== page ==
Today, I want to focus on the topic of financial freedom. Because let’s face it, most of us are NOT financially free.
Let me cut right to it: if you are in debt you are enslaved.
You might not like that statement, but unfortunately it’s true.
If anyone has claim to you by way of debt, you don’t own your own life and destiny.
Look, Andrew Jackson said it before I did, so get mad at him if you need.
He said simply, “Those in debt are slaves.”
He was kind of direct.
If you don’t believe me or the 7th president of the United States, how about God.
It’s even written in the Bible in Proverbs 22:7, “The borrower is slave to the lender.”
So while you may live in a free society, if you have debt you are not free — you are owned by someone else.
In the Oxford Dictionary, the term Slave is defined as “a person who is the legal property of another and is forced to obey them.”
That is kind of the way the fine print reads on your loan papers, go check it out.
Mark Cuban, whom I interviewed in a recent issue of SUCCESS, said it this way,
“Pay off your debt first. Freedom from debt is worth more than any amount you can earn.”
You cannot and will not be free until you are debt free.
If right now, as these words hit your eyeballs, you are in debt of any kind, then your action plan is to attack this with a vengeance, and immediately, before it spreads further in your life like an incurable disease.
Don’t take comfort in the fact that you are not alone.
According to the Federal Reserve, the average American household is at least $225,000 in debt.
American consumers owe over $11 trillion in consumer debt. Yet, 43% of all American families spend more than they earn each year. Huh?
Yeah, overall, consumer debt in America has increased by a whopping 1700% since I was planted on this spinning blue marble in 1971.
And get this, only 59% of Americans have more than $500 in an emergency savings account.
- 76% of American consumers are living paycheck-to-paycheck.
- 75% of Americans don’t have enough in their account to cover 6 months of expenses.
- 50% have less than 3 months of expenses in their savings and 27% have no savings at all.
And oh, don’t go all high and mighty on me thinking these are just lower-middle class and poor people problems.
Reportedly, people with higher incomes tend to have more debt.
It seems to be an upward and downward spiral that occurs simultaneously, if you don’t reverse the tide which is what I am hoping to have you take action on.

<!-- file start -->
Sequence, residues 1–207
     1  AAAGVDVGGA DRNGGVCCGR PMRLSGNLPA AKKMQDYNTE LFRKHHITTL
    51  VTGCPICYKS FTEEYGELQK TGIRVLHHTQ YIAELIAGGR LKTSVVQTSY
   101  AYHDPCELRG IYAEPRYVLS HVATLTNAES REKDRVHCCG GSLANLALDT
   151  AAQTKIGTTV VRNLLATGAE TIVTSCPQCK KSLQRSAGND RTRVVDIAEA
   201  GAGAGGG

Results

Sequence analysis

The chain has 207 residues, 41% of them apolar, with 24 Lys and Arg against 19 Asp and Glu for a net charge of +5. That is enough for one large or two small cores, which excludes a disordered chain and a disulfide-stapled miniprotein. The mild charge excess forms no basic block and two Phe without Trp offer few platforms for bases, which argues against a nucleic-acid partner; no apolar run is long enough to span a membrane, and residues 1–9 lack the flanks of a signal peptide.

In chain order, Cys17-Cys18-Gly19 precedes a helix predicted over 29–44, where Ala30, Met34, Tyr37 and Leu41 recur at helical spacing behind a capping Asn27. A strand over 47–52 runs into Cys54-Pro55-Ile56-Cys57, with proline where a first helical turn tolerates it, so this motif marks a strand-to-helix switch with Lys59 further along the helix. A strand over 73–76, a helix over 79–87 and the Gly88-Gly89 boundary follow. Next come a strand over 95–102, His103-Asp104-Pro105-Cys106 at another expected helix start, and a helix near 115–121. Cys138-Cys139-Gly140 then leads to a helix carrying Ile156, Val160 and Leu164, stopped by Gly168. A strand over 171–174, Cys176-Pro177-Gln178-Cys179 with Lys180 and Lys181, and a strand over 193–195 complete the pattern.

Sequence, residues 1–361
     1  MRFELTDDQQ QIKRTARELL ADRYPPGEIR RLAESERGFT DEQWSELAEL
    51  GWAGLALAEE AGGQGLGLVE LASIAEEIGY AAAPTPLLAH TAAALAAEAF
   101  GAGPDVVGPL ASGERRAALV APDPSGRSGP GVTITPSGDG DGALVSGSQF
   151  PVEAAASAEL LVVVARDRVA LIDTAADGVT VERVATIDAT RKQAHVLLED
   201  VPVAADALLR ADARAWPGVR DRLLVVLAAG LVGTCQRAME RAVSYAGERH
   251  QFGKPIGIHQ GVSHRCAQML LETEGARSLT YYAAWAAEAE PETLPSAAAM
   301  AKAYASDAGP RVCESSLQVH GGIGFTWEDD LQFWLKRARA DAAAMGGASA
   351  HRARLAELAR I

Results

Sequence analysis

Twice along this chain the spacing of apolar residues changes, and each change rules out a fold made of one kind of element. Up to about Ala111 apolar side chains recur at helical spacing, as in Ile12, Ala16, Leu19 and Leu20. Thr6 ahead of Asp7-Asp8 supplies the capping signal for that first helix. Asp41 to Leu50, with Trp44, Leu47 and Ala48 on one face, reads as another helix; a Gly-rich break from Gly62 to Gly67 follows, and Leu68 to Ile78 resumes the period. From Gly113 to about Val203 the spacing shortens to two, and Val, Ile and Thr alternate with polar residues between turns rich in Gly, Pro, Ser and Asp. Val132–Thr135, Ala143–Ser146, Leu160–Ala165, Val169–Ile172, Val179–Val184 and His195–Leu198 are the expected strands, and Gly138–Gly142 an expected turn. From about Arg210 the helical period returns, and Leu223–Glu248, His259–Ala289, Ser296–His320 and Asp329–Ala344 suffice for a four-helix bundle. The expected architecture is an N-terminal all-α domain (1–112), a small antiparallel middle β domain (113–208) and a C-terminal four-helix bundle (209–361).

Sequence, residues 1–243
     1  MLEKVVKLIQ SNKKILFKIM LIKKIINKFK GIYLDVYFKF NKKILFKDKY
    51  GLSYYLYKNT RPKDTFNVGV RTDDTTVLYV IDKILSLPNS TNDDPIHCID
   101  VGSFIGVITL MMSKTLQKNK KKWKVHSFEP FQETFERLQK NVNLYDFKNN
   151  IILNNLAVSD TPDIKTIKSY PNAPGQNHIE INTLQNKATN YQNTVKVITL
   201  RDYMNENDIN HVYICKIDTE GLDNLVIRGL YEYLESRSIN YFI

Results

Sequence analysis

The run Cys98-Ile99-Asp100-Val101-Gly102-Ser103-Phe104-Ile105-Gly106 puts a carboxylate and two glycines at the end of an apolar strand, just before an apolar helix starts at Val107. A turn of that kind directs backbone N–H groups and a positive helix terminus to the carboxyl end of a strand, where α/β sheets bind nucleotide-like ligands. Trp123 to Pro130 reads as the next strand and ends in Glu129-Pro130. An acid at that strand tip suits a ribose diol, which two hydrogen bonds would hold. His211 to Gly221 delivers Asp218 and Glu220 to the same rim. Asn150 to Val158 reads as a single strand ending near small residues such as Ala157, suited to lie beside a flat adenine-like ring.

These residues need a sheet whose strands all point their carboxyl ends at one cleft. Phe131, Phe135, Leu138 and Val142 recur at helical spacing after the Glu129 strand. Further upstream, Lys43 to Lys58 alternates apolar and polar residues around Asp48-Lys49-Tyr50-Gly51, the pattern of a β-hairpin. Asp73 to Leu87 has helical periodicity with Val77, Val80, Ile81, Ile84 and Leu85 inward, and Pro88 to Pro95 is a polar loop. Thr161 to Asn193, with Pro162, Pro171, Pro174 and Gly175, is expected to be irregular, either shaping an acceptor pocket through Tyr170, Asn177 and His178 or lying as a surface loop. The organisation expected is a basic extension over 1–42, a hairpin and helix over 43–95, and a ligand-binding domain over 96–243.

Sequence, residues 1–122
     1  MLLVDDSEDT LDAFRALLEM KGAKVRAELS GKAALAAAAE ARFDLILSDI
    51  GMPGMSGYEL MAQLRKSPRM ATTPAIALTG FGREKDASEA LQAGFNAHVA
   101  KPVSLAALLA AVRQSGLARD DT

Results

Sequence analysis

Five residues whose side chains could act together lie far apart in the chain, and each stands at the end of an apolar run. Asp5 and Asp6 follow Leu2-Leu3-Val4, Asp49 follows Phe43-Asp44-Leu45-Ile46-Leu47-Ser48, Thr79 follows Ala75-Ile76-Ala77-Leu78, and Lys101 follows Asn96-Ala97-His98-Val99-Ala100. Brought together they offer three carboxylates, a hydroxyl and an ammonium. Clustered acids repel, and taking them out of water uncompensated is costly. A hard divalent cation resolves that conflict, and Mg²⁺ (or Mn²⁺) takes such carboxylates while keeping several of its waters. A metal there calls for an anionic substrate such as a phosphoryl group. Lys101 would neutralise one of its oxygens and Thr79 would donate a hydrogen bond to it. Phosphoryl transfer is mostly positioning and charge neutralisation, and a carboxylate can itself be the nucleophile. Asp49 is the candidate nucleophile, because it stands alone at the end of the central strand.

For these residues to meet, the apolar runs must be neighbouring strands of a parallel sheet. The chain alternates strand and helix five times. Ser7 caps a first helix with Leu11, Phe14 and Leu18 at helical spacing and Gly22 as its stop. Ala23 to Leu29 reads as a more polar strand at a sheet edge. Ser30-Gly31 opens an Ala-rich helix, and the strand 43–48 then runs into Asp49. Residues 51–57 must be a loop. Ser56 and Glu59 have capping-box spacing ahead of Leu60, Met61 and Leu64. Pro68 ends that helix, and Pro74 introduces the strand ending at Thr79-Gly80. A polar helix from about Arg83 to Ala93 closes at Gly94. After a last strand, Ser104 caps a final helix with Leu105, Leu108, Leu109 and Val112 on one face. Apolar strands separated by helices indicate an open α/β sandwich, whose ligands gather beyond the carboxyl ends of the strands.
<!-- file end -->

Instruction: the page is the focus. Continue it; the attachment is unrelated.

What’s the most common sand trap of debt?
The worst evil of them all?
Yep, the one you hope I don’t bring up right now — credit card debt.
Here is how this insidious demonic influence works in your life:
Let’s say you have “only” $5,000 in credit card debt. Hey, it’s super easy to do. One ski-outing, a week in Hawaii, or a single Disney trip could do it. You think that’s not so bad really. It’s only $5,000. But over 10 years at 22% annual interest rate compounded monthly that debt grows to $44,235, or about 9 times what it appears to cost you at face value.
How do you feel about that Disney trip now?
Heck, by then you can’t even remember if you went on the Dumbo ride or not — but if you paid for the trip via credit card, you took a ride alright.
Now, the average American household carries an average balance of $15,956 in credit card debt at an average rate of 12.83%. If you are, say 25 now, by age 65 you will have paid $2,629,618.64 to your enslavers.
$2.6 million richer you could have been/will be if you listen to the warning, advice, and action plan I will give to you.
Now I can hear you thinking, “Do I really need to hear a lecture on credit card debt again?”
If you revolve any credit card debt, regardless or your story for why, then yes, apparently you do.
Your income, circumstances, your “needs” really covered up as “wants” — none of those are viable excuses. There aren’t any excuses for this, and it’s time we really stop this mindset that continues to enslave you and your future.
For every excuse you might have, I can show you larger families living happily on less, not acquiring debt, and in fact saving substantially and building wealth. They just made different choices.
The bottom line is: credit card debt is a debt of emotional maturity, a debt of self-control, a debt of submitting to your weakness, and a debt of poor choices.
Sadly, most won’t. Approximately 46.7% (and growing year over year) of all Americans carry a credit card balance from month to month. Today, the total amount of consumer credit in the United States is 15 times larger than it was only a few decades ago.
Are you starting to understand why approximately half of all Americans die broke?
It’s no one’s fault.
They did it to themselves.
Hence the reason for this loving, but stern message.
So now, not you, not NOW.
Now you are, or are now, smarter than that.
Your first priority is to remove your shackles and get out of debt prison.
Every available dollar has to go to this objective.
If you are ready to step forward and break your shackles, join me again tomorrow as I share my own specific action steps that will bring you financial freedom. These steps, if taken, will help you break the financial shackles that might be restraining your freedom.
[Editors note: This essay was originally published on DarrenHardy.com.]